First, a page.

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Blanca Peak

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Gash Ridge T 
Little Bear-Blanca Traverse T 
Ormes Buttress T 

Blanca Peak Rock Climbing 

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Elevation: 14,345'
Location: 37.5772, -105.485 View Map  Incorrect?
Page Views: 19,589
Administrators: Leo Paik, John McNamee, Frances Fierst, Monty, Monomaniac, Kristine Hoffman (sitewide)
Submitted By: Julian Smith on Aug 14, 2003
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Blanca Peak, Christmas Day 2010.


Blanca Peak, 14,345 feet, is located in the Sierra Blanca group of the Sangre de Cristo Range. The view of the Sierra Blanca's from the San Luis Valley is very dramatic. They rise over 6000 vertical feet from the valley floor. From an alpinist's point of view, the north face of Blanca Peak should be of great interest. Rising steeply for over 2000 feet, it is one of the only true Nordwands of Colorado. The Orme's Buttress Route, put up in 1927 by Robert Ormes, is the classic line on the north face. The climbing on the north face is primarily granite with the occasional bit of quartzite thrown in for good measure. The rock quality is somewhat loose, but very climbable nonetheless. A myriad of lines is possible. Blanca Peak also offers a host of moderate scrambling routes. The north face is accessed from the Lilly Lake trailhead located in the Huerfano [River]drainage on the east side of the range. The approach up the valley beside the Huerfano River is one of the prettiest in Colorado. Interesting junk leftover from mining operations makes for some entertainment on the approach. Most of the scrambling routes start from the Como Lake trailhead on the west side of the range from the San Luis Valley. An ascent of Blanca Peak from the Lilly Lake trailhead is best descended with a traverse over Ellingwood Peak and then back down its north ridge. From the west, Blanca Peak is easily descended by the northwest face and north ridge route back to the Como Lake trailhead. Both Roach and Dawson have good information available about Blanca Peak in their guides. Enjoy. This is very cool peak.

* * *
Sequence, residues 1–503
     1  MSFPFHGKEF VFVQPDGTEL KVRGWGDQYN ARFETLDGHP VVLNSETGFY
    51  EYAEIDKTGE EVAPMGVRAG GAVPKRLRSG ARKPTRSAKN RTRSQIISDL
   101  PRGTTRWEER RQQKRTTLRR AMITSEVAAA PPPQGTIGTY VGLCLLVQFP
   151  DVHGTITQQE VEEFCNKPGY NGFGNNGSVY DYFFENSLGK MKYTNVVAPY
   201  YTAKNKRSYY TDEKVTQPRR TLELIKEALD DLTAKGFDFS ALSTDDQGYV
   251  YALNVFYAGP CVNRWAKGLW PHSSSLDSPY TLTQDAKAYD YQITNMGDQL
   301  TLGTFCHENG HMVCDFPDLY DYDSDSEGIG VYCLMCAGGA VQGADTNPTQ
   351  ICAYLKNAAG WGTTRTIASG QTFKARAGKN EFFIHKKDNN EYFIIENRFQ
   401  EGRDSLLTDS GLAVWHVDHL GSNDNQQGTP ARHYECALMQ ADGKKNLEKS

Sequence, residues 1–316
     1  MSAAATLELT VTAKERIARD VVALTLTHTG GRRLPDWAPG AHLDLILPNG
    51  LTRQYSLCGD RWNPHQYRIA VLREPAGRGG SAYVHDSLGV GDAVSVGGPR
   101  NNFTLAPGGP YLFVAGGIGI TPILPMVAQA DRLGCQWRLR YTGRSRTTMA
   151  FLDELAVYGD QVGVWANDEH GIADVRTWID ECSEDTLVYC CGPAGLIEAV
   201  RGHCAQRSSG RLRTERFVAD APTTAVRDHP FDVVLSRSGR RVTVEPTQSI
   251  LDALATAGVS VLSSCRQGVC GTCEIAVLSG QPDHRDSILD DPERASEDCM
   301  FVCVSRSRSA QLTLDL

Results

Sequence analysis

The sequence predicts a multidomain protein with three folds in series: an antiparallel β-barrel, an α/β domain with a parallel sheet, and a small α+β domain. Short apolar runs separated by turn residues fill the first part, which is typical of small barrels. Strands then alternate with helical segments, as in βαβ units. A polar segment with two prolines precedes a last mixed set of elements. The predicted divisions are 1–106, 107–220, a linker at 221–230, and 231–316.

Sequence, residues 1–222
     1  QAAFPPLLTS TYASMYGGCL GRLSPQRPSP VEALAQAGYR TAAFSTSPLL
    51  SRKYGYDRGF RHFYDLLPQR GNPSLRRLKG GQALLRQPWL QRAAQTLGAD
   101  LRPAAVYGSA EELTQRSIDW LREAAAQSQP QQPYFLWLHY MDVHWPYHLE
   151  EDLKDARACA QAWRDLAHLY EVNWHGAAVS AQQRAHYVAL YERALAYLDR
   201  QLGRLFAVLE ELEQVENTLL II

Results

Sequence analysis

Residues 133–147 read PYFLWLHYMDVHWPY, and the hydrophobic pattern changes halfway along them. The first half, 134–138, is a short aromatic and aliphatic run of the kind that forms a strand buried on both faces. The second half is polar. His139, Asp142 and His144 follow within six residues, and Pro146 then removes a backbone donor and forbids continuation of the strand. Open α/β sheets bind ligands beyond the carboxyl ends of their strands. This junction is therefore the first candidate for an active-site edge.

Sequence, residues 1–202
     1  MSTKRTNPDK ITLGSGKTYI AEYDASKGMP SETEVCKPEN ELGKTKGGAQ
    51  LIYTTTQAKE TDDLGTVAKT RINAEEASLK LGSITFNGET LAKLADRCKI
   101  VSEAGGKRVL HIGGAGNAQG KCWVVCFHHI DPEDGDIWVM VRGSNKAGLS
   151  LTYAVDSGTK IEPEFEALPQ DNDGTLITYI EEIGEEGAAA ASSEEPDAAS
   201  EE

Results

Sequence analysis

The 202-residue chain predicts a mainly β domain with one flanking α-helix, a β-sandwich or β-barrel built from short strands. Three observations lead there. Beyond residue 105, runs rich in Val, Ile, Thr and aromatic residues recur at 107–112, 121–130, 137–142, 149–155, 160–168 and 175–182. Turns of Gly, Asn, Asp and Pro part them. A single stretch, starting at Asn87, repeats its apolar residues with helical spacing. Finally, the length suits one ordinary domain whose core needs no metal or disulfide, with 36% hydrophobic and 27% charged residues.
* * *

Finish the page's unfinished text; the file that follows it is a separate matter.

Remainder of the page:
Getting There 

In Spanish, Huerfano means orphan boy, but the name just doesn't fit. This place is beautiful. To reach the Lilly Lake trailhead, drive north on CO 69 to Gardner, and turn left at the northern outskirts of town, heading for Redwing. Follow the Redwing Road for 6.8 miles to an intersection indicating Redwing is too the left. Continue straight and follow the signs for the Lilly Lake trailhead. Do not take a right towards Mosca Pass either, but stay left toward the Lilly Lake trailhead. This is the Huerfano Road. Continue on the Huerfano Road past the Singing River Ranch. The winter road closure is located in this area, 8,980 feet. In summer drive another 6 miles to the trailhead located at 10,600 feet. A high clearance 2 wheel drive vehicle can easily make it. Reach the Como Lake road from the south by starting at Alamosa. Drive east on highway 160 for 26 miles until Highway 150 is reached. Take a left or north on highway 150 and drive 3 miles. Then turn right or east on to a poorly marked dirt road that heads towards the peak. This is the Como Lake Road. A 2 wheel drive vehicle can go another 2 miles to a parking area at 8,020 feet, but this section of road is rough and rocky. Keep an eye out for good parking spots as the road gets rough. A good 4 wheel drive vehicle can go another few miles to a turn-around and parking spot at 10,000 feet. To reach Como Lake from the north, drive south on highway 17, following signs to Great Sand Dunes National Monument. From the Monument, drive 14 miles south on highway 150 and turn east on the dirt Como Lake road mentioned above.

Climbing Season

Weather station 10.1 miles from here

3 Total Climbing Routes

['4 Stars',1],['3 Stars',1],['2 Stars',1],['1 Star',0],['Bomb',0]

Classic Climbing Routes in Blanca Peak

Mountain Project's determination of the classic, most popular, highest rated climbing routes for Blanca Peak:
Gash Ridge   Easy 5th 1+ 3 I 5 M 1c     Trad, Alpine, Grade III   
Little Bear-Blanca Traverse   5.0 2- 4 I 6 MM 1c     Trad, Alpine   
Ormes Buttress   5.6 4c 14 V 12 S 4b     Trad, Alpine, 2000'   
Browse More Rock Climbing Classics in Blanca Peak

Featured Route For Blanca Peak
Rock Climbing Photo: The route is easily seen on approach from the Huer...

Gash Ridge Easy 5th 1+ 3 I 5 M 1c  Colorado : Alpine Rock : Blanca Peak